- Clouds are gathering over swaths of fintech companies with falling economic growth.
- Rising interest rates and a cost of living crisis have put business models under strain.
- Job cuts and valuation-crushing funding rounds have become common.
ComplyAdvantage founder Charlie Delingpole knows his company is not immune to those forces, as fintechs are among the biggest buyers of his financial crime prevention products. But the business — which uses natural language processing and artificial intelligence (AI) to run compliance checks on transactions — is proving more resilient than most.
Delingpole, who transitioned from chief executive to executive chair in October, founded ComplyAdvantage eight years ago. Back then, demand for compliance checks was already ramping up in the aftermath of the 2008 financial crisis, as financial institutions were hit with hefty fines for mistakes and misconduct. “They were employing thousands of researchers to manually compile information,” he says. “What we’ve done is use machine learning to collate thousands of data sources and then merge them together.”
ComplyAdvantage automates the scanning of hundreds of thousands of documents to draw connections between people, companies and illicit activities. ComplyAdvantage’s growth to become a $50mn revenue company with 500 staff and a roster of more than 1,000 clients has been fuelled by several international trends.
Global fines for anti-money laundering breaches have been rising sharply, surging fivefold to $2.2bn between 2019 and 2020 — an escalation that put financial services companies across the world on high alert for future non-compliance.
War Against Terror
The war against terrorism and drug cartels has triggered a broader clampdown on global money laundering, led by institutions such as the intergovernmental Financial Action Task Force and Moneyval, the Council of Europe’s money laundering body. More recently, the west’s sanctions on Russia in the aftermath of its invasion of Ukraine have catapulted regulatory compliance to the top of corporate concerns.
“You can divide companies into two clusters: companies that grow in a cyclical way in correlation to gross domestic product,” says Jan Hammer, a partner at Index Ventures, which holds a 15 per cent stake in ComplyAdvantage. All those involved agree technology has a vital role to play in keeping bad actors out of financial institutions and trading or payment systems. “Technology is useful in identifying complex money laundering schemes, for mining big data sets for terrorism financing activity,” says Igor Nebyvaev, executive secretary of Moneyval.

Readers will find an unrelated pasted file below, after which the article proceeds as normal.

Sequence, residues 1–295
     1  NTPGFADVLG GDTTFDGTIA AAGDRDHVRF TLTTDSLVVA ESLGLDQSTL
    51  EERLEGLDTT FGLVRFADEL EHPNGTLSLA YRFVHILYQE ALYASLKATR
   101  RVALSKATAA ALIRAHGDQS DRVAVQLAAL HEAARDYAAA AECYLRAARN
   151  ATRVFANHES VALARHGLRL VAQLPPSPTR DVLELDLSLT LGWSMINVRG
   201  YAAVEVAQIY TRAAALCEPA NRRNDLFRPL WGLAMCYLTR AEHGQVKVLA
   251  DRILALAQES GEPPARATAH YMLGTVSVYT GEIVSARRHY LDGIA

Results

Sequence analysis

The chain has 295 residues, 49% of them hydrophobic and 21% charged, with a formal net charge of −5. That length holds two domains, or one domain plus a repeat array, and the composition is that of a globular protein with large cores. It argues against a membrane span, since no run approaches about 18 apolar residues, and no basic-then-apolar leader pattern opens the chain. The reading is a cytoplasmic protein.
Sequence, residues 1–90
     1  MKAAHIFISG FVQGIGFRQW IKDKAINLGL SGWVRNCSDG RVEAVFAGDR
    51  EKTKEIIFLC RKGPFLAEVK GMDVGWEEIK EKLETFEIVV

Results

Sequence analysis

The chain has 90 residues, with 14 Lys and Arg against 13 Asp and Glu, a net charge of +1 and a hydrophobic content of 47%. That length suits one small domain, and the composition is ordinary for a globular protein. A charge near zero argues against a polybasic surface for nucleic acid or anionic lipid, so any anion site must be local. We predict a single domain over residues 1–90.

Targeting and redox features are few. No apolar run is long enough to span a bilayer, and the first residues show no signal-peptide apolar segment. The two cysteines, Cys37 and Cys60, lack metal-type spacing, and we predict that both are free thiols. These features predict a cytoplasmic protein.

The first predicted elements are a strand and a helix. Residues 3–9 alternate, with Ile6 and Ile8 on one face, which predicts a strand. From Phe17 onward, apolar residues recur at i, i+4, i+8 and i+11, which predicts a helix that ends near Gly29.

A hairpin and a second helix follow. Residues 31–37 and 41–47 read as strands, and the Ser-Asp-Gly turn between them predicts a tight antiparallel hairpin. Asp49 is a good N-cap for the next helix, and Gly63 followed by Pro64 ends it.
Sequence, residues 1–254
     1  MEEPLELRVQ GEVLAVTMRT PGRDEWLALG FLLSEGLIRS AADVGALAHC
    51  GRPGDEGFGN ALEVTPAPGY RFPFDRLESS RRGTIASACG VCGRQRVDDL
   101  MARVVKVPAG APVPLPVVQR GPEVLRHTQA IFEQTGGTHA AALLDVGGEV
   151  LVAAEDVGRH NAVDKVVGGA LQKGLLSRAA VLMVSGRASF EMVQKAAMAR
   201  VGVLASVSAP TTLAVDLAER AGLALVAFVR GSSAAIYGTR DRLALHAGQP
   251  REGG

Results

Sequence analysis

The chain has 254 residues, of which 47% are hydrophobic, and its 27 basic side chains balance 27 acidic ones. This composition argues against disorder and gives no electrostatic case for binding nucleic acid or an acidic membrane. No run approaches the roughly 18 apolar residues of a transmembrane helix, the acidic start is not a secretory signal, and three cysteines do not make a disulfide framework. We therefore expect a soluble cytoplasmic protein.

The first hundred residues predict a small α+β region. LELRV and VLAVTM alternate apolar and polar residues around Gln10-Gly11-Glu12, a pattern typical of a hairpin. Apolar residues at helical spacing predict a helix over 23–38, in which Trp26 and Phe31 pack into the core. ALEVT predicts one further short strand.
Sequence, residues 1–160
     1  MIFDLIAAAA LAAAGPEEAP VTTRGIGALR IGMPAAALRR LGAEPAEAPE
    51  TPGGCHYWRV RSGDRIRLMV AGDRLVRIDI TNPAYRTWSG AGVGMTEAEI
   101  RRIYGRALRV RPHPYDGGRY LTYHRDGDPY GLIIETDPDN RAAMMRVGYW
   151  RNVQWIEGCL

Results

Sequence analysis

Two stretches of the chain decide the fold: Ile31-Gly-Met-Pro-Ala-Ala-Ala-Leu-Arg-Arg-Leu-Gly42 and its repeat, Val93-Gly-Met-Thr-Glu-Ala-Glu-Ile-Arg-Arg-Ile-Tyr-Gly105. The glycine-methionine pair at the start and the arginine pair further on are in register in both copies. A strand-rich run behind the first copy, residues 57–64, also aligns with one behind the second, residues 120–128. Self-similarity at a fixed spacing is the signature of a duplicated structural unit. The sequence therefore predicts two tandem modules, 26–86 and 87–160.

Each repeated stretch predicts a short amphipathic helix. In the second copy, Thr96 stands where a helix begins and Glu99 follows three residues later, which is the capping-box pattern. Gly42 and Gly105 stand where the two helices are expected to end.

None of that, however, means the finance industry has to turn to ComplyAdvantage for the technology. Financial institutions can, and do, build their own solutions. But Hammer insists that ComplyAdvantage will corner the market because its technology is more advanced than anything else available, or likely to come to the market in the near future.
One example is a new product using AI to target “hidden risks” in transactions. The tool, which is being trialed by 50 clients, allows companies to detect “risks that are not obvious”, such as money muling, where a single group might be behind many seemingly unrelated accounts exploiting financial institutions.
So far, the scope of this new tool is limited to politically exposed persons (PEPs), companies, sanctioned individuals and those named in adverse media reports, but Delingpole says it can ultimately be much broader.
The Road Ahead
The road ahead for ComplyAdvantage is not bump-free, however. “The critical risk is execution risk, the risk that we are unable to deliver the product we have articulated to the market and investors,” says Delingpole.
Growth could also be curbed by a decline in the number of fintech start-ups, as the economic slowdown hits funding, and failures of existing fintechs. ComplyAdvantage’s client base currently skews towards small and midsized companies.
A further risk is that ComplyAdvantage will not be able to become big enough, and well enough known, to penetrate the biggest financial institutions. That is a big ask, considering the multibillion tech budgets that the biggest companies on Wall Street have. Still, Delingpole is quietly confident.
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